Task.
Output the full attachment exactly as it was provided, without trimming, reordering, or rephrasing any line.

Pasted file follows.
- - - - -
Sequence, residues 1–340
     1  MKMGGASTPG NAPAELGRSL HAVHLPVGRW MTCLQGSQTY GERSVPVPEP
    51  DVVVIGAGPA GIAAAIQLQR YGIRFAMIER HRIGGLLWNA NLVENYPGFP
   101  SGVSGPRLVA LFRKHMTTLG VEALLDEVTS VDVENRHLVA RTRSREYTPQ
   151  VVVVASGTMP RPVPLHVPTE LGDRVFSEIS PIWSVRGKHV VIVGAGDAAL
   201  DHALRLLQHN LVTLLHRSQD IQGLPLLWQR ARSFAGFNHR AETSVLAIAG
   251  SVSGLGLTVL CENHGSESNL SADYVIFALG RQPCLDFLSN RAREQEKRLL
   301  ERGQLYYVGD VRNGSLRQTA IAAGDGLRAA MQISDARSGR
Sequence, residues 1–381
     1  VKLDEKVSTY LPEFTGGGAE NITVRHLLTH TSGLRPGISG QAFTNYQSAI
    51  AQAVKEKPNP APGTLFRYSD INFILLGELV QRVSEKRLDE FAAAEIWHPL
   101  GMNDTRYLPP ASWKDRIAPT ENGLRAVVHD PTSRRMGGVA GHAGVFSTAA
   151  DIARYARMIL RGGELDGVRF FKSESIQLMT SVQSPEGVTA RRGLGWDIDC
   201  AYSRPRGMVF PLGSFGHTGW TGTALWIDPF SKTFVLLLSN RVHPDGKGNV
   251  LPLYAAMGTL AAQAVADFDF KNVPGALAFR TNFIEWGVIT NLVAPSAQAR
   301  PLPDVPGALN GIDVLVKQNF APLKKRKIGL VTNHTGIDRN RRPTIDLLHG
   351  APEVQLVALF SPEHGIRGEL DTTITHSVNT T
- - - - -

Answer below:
Sequence, residues 1–340
     1  MKMGGASTPG NAPAELGRSL HAVHLPVGRW MTCLQGSQTY GERSVPVPEP
    51  DVVVIGAGPA GIAAAIQLQR YGIRFAMIER HRIGGLLWNA NLVENYPGFP
   101  SGVSGPRLVA LFRKHMTTLG VEALLDEVTS VDVENRHLVA RTRSREYTPQ
   151  VVVVASGTMP RPVPLHVPTE LGDRVFSEIS PIWSVRGKHV VIVGAGDAAL
   201  DHALRLLQHN LVTLLHRSQD IQGLPLLWQR ARSFAGFNHR AETSVLAIAG
   251  SVSGLGLTVL CENHGSESNL SADYVIFALG RQPCLDFLSN RAREQEKRLL
   301  ERGQLYYVGD VRNGSLRQTA IAAGDGLRAA MQISDARSGR
Sequence, residues 1–381
     1  VKLDEKVSTY LPEFTGGGAE NITVRHLLTH TSGLRPGISG QAFTNYQSAI
    51  AQAVKEKPNP APGTLFRYSD INFILLGELV QRVSEKRLDE FAAAEIWHPL
   101  GMNDTRYLPP ASWKDRIAPT ENGLRAVVHD PTSRRMGGVA GHAGVFSTAA
   151  DIARYARMIL RGGELDGVRF FKSESIQLMT SVQSPEGVTA RRGLGWDIDC
   201  AYSRPRGMVF PLGSFGHTGW TGTALWIDPF SKTFVLLLSN RVHPDGKGNV
   251  LPLYAAMGTL AAQAVADFDF KNVPGALAFR TNFIEWGVIT NLVAPSAQAR
   301  PLPDVPGALN GIDVLVKQNF APLKKRKIGL VTNHTGIDRN RRPTIDLLHG
   351  APEVQLVALF SPEHGIRGEL DTTITHSVNT T